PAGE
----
The extra table equivalences is a map that cyclicly permutes each equivalence class (of characters with the same canonical equivalent). (For ordinary ASCII, this would map `a' into `A' and `A' into `a', and likewise for each set of equivalent characters.)

When you construct a case table, you can provide nil for canonicalize; then Emacs fills in this slot from the lower case and upper case mappings. You can also provide nil for equivalences; then Emacs fills in this slot from canonicalize. In a case table that is actually in use, those components are non-nil. Do not try to specify equivalences without also specifying canonicalize.

Here are the functions for working with case tables:

Function: case-table-p object
This predicate returns non-nil if object is a valid case table.

Function: set-standard-case-table table
This function makes table the standard case table, so that it will be used in any buffers created subsequently.

Function: standard-case-table
This returns the standard case table.

Function: current-case-table
This function returns the current buffer's case table.

Function: set-case-table table
This sets the current buffer's case table to table.

The following three functions are convenient subroutines for packages that define non-ASCII character sets. They modify the specified case table case-table; they also modify the standard syntax table. See section Syntax Tables. Normally you would use these functions to change the standard case table.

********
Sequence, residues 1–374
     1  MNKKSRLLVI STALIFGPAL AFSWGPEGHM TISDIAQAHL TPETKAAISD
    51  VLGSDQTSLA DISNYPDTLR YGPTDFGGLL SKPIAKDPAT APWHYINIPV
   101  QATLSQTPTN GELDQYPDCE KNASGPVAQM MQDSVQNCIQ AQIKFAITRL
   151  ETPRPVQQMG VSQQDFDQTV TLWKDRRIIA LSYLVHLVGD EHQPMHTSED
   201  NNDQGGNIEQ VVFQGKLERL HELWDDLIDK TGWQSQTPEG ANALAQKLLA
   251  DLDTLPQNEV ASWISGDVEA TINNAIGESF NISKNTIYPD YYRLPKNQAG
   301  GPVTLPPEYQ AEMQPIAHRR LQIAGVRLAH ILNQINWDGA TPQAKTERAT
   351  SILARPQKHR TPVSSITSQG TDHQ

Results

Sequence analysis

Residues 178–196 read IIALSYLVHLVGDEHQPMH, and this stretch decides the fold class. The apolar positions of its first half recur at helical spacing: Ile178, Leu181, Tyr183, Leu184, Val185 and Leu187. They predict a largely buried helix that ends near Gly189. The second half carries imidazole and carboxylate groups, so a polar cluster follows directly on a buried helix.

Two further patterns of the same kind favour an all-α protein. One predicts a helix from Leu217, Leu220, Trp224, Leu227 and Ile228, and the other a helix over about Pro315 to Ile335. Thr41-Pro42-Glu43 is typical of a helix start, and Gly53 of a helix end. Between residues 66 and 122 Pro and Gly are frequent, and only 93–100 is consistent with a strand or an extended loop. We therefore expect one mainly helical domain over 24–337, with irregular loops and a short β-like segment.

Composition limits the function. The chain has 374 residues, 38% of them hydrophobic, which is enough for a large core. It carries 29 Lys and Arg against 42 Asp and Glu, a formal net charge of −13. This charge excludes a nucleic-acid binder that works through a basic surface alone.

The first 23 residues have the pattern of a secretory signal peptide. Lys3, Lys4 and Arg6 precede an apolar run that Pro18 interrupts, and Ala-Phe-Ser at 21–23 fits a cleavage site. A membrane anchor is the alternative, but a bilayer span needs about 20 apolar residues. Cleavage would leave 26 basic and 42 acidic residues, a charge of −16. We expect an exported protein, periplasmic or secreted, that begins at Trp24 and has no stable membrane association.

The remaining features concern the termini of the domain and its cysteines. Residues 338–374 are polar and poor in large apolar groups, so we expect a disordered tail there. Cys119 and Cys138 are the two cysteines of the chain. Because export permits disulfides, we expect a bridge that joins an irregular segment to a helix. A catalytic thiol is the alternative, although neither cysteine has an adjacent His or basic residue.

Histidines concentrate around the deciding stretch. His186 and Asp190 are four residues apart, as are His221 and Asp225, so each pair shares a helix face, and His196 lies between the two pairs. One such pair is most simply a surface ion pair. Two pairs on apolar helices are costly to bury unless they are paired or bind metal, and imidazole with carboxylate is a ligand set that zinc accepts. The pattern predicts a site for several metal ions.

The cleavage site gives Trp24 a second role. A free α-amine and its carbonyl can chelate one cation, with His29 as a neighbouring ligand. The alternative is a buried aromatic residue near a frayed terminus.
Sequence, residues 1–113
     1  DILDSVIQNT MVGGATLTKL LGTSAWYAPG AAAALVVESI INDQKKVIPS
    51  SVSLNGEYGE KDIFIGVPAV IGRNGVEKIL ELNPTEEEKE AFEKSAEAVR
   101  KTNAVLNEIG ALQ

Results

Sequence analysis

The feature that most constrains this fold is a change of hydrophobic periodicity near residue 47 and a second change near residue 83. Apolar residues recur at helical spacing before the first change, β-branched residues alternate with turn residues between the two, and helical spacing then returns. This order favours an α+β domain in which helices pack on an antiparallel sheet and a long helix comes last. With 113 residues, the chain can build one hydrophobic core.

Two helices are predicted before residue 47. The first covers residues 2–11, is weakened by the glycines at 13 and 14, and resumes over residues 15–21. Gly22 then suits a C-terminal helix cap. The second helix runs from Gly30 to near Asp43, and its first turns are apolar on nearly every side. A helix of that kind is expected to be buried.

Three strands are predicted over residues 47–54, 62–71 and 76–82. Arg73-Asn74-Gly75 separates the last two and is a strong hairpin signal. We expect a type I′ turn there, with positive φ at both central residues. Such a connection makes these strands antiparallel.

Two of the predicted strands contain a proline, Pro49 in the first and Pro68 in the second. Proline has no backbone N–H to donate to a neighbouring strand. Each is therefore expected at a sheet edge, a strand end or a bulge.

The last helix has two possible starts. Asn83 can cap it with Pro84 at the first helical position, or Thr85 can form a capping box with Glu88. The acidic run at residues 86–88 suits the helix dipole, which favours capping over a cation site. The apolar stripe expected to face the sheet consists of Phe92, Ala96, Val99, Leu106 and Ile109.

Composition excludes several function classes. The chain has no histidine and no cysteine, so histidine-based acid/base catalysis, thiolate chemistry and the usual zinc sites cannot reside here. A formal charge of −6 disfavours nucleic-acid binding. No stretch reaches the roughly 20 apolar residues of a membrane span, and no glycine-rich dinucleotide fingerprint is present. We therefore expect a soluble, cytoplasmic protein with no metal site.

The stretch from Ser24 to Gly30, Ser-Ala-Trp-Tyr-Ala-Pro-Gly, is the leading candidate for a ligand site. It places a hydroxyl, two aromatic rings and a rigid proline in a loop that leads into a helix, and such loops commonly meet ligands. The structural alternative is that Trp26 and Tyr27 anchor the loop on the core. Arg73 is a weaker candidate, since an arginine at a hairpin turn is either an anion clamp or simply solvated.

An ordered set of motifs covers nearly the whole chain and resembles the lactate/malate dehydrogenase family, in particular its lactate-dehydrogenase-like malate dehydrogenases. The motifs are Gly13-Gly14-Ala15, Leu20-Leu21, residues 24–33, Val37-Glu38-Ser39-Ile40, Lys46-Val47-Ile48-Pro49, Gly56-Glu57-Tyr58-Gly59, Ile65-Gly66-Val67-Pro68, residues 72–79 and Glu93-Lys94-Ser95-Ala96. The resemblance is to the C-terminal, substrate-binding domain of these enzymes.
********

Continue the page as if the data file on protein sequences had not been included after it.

Function: set-case-syntax-pair uc lc case-table
This function specifies a pair of corresponding letters, one upper case and one lower case.

Function: set-case-syntax-delims l r case-table
This function makes characters l and r a matching pair of case-invariant delimiters.

Function: set-case-syntax char syntax case-table
This function makes char case-invariant, with syntax syntax.

Command: describe-buffer-case-table
This command displays a description of the contents of the current buffer's case table.